Synopsis: Weighing Models of Neutron Stars

A precise mass measurement of an exotic zinc isotope gives new insight into the composition of the crust of neutron stars, the possible birthplace of heavy elements.
Synopsis figure
NASA/CXC/M. Weiss

Nuclear fusion reactions in stars produce many elements found on Earth, but only those with atomic numbers up to that of iron. Heavier elements may have been created during previous supernova explosions of massive stars, or they may have been somehow ripped from the outer crust of superdense neutron stars that those explosions left behind.

If neutron stars indeed provide the heavy elements, their abundance should reflect the composition of the kilometer-thick crust, which varies rapidly with depth because increasing neutron density favors heavier nuclei. Now, in Physical Review Letters, researchers report precision measurements of the mass of short-lived zinc isotopes, which modify the predicted crust composition. The international team of scientists running the ISOLTRAP experiment at CERN’s radioactive ion-beam facility, ISOLDE, measured the mass of zinc-82 (Zn-82), a neutron-rich isotope that existing models predict is prevalent in the crust of neutron stars. The researchers exploited a new technique to rapidly separate the few desired zinc ions created in a pulse from thousands of others with almost the same mass. They then measured the Zn-82 mass relative to a reference with an accuracy of 40 parts per billion. All of this must be done very quickly, because Zn-82 decays with a half-life of only a quarter of a second.

The new mass measurement supports a revised model of neutron-star crusts in which the zinc-82 is in fact no longer present, but is instead replaced by nickel-78. The revised model also fits nicely with the recent discovery of a particular neutron star that is heavier than would be possible using earlier models. – Don Monroe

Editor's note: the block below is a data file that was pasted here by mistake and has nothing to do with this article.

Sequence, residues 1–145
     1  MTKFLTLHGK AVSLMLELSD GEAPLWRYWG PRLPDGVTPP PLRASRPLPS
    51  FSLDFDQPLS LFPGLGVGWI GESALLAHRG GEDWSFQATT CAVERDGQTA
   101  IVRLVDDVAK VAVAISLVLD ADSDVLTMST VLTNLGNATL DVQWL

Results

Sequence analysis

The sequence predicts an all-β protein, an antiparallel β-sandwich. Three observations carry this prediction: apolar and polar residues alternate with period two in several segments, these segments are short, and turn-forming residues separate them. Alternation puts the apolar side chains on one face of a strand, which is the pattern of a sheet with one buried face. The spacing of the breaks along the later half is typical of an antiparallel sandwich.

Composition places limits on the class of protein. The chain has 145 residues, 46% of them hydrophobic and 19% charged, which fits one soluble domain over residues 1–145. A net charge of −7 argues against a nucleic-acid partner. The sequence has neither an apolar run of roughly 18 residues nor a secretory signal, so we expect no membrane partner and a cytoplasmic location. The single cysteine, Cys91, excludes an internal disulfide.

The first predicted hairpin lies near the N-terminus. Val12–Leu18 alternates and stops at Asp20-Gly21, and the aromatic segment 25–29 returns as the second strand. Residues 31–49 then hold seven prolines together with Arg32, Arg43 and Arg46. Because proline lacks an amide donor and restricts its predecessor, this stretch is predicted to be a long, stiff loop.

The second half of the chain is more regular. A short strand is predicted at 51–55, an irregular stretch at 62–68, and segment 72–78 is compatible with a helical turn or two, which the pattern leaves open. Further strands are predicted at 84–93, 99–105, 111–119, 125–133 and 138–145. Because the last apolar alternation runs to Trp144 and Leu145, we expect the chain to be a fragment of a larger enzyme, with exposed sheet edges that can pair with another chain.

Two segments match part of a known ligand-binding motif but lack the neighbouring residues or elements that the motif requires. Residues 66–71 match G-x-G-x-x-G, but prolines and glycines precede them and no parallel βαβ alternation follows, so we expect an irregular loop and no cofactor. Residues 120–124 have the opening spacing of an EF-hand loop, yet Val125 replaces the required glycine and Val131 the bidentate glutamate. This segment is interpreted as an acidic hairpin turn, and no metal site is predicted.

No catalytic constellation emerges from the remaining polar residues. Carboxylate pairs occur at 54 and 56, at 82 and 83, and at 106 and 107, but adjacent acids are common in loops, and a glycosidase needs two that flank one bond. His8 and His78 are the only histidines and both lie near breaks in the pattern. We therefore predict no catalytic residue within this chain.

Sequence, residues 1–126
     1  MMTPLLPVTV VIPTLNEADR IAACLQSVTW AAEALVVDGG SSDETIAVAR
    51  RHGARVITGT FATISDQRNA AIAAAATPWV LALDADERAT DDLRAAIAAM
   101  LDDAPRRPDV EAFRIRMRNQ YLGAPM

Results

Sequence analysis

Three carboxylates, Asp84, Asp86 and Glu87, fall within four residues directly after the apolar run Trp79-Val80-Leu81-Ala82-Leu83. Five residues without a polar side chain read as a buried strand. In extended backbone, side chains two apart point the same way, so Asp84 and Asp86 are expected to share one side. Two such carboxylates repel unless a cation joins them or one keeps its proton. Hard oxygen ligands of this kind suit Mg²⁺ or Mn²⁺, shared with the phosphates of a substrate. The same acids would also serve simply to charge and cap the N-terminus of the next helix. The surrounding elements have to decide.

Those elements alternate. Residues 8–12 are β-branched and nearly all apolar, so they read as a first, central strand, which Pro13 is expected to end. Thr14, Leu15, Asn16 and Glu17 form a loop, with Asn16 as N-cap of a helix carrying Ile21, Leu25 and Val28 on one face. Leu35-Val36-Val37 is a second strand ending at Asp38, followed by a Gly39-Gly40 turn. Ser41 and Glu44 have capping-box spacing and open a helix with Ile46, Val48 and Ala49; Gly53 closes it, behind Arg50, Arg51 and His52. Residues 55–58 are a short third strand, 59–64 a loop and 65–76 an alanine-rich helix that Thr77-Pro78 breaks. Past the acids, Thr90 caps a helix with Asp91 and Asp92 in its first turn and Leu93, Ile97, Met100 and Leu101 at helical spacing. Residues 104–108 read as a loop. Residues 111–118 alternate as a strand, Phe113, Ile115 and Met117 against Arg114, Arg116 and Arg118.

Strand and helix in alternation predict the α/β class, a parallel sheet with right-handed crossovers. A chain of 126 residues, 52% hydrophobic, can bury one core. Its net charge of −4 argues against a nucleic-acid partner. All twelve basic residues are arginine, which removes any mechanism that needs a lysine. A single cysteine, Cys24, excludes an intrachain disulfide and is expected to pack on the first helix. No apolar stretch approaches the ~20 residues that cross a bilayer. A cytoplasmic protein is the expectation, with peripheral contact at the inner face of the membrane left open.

Features

More Features »

Announcements

More Announcements »

Subject Areas

AstrophysicsNuclear Physics

Previous Synopsis

Next Synopsis

Particles and Fields

Waiting for Dark Matter to Light Up

Read More »

Related Articles

Synopsis: Self-Interacting Dark Matter Scores Again
Cosmology

Synopsis: Self-Interacting Dark Matter Scores Again

Dark matter that interacts with itself provides a better description of the speeds of stars in galaxies than dark matter that doesn’t self-interact. Read More »

Synopsis: Searching for Neutron Star Gravitational Waves
Astrophysics

Synopsis: Searching for Neutron Star Gravitational Waves

The first run of LIGO and Virgo’s gravitational-wave search shows no evidence of spinning asymmetric neutron stars, but recent upgrades could make the detection possible. Read More »

Synopsis: Strong Force Calculations for Weak Force Reactions
Nuclear Physics

Synopsis: Strong Force Calculations for Weak Force Reactions

Theorists have used lattice-QCD calculations to predict two weak-force-driven reactions—proton fusion and tritium decay. Read More »

More Articles